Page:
By Teachers, For Teachers
The childhood obesity epidemic pops up regularly on the evening news; First Lady Michelle Obama has made it a central focus of her time in the White House with her Let’s Move campaign. But did you know that there are simple things you can do in your classroom to encourage your students to be healthier? Even if you’re not a science or P.E. teacher, you can make a difference.
In this digital age, kids are getting on the computers to play and learn every day. Teachers can tap into this online interest as a teaching tool to jumpstart research skills at a young age with the help of Globio's Glossopedia! This site is designed especially with the young learner in mind with its age-appropriate content and emphasis on visual and auditory learning.
As a science teacher, I'm bugging out over the latest research on microbes and how bacteria may be pupeteering people. I guess it's human nature to think of all bacteria as harmful or, at best, a nuisance. It's a misconception that I try to remedy in my middle school Science classroom, but that's tough when even microbiologists use the term "bugs" to refer to their subjects.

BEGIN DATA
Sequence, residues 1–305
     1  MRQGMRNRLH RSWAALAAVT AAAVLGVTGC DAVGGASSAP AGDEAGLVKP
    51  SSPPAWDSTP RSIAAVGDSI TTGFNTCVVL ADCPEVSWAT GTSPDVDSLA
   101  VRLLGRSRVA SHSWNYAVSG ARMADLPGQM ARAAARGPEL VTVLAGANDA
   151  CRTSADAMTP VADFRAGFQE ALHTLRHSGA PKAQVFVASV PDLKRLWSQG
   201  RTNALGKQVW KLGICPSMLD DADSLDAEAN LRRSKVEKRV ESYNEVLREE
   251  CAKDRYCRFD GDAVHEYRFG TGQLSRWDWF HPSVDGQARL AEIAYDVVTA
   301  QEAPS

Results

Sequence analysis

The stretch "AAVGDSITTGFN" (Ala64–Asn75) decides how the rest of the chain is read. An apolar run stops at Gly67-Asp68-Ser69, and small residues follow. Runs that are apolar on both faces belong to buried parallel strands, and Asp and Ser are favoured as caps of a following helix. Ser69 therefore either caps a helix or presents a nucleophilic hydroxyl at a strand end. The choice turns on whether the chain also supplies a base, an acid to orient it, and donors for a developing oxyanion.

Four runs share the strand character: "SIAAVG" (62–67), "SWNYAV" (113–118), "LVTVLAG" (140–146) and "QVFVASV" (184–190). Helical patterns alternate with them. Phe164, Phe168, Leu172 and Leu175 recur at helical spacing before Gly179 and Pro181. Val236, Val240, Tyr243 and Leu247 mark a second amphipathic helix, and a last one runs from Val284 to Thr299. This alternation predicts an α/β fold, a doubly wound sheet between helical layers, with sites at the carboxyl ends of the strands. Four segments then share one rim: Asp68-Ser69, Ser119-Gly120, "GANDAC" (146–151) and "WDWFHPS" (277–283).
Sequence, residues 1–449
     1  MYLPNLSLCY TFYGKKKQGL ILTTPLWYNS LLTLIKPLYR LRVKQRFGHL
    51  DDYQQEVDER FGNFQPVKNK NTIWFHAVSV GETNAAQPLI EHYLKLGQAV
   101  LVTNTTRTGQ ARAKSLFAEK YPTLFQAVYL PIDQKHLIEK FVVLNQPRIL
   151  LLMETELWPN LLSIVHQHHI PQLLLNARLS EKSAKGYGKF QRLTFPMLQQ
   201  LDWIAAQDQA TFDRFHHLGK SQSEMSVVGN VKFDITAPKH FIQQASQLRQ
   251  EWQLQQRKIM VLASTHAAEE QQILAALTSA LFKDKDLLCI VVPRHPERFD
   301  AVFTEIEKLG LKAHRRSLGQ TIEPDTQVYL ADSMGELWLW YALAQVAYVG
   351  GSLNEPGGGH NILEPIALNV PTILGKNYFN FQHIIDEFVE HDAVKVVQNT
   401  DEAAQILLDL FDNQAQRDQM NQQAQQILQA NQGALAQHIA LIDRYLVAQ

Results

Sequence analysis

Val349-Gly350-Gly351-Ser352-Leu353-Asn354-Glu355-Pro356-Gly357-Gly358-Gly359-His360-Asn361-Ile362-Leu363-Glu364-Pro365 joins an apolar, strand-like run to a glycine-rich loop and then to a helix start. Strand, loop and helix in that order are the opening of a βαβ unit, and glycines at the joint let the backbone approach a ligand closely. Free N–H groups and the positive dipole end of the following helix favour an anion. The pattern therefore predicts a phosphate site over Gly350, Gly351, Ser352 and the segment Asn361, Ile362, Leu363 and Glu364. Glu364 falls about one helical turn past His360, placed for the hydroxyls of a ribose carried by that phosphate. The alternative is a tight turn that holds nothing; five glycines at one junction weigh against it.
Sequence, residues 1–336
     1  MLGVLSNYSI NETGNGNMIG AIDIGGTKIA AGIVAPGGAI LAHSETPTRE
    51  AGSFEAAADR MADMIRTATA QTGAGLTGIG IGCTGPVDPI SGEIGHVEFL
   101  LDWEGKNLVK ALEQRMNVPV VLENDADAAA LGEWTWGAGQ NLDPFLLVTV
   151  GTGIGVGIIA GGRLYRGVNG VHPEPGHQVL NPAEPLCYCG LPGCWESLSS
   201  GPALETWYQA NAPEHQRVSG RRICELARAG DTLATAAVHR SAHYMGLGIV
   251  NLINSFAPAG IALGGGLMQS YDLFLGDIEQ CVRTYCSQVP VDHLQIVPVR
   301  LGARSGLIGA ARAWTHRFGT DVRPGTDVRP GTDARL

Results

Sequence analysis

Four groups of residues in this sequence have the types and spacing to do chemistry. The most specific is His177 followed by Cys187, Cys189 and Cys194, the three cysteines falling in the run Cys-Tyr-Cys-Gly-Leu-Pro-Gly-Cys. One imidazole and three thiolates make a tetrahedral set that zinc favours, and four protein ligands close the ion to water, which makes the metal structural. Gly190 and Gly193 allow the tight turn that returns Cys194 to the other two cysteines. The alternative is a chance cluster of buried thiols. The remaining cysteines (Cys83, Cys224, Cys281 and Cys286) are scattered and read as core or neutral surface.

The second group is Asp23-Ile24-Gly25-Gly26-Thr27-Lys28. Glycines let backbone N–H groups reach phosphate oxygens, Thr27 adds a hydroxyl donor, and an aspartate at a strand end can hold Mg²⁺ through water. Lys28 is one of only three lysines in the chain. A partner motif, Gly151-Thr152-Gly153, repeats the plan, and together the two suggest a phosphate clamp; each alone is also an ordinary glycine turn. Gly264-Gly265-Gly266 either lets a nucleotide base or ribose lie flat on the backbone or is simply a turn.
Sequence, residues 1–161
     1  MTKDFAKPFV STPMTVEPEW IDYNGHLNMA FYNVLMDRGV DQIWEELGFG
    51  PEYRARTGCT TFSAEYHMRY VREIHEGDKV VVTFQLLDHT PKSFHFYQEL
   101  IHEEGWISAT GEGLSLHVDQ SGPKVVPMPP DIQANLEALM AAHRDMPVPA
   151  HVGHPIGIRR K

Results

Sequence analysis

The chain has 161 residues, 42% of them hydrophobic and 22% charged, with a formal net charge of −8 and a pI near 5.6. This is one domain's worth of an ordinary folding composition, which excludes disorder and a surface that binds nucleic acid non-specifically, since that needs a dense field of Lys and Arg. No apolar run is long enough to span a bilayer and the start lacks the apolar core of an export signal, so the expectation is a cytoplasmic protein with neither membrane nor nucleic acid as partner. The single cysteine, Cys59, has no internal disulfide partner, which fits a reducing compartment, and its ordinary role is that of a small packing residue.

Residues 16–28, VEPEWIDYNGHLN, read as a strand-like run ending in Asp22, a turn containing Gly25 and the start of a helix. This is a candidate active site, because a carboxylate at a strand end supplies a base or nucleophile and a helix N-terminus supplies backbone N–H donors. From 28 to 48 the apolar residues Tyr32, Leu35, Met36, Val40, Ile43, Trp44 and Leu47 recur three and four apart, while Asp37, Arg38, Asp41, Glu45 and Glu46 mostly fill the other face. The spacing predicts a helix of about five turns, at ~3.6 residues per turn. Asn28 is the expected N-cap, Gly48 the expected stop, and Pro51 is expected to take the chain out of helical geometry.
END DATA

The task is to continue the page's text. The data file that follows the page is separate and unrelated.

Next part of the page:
I don't know about you, but I'll be bringing my red pen beachside this spring break. It’s spring break for NYC schools and as I was leaving work on Friday I overheard the phrase which is not uncommon right before vacations – “I’m not touching a thing this week.” By “a thing,” he was referring to work. Teacher work. He’s a teacher and he’s not doing an ounce of teacher work all week.
Who is ready to hang ten on Google Wave? I am. I am. I am known among my friends and colleagues as an "early adopter"--someone who tries out new tools and technologies as soon as they are available. People like me don't mind a few glitches because we enjoy the excitement of something new and we have the know-how to troubleshoot most problems that tend to pop up.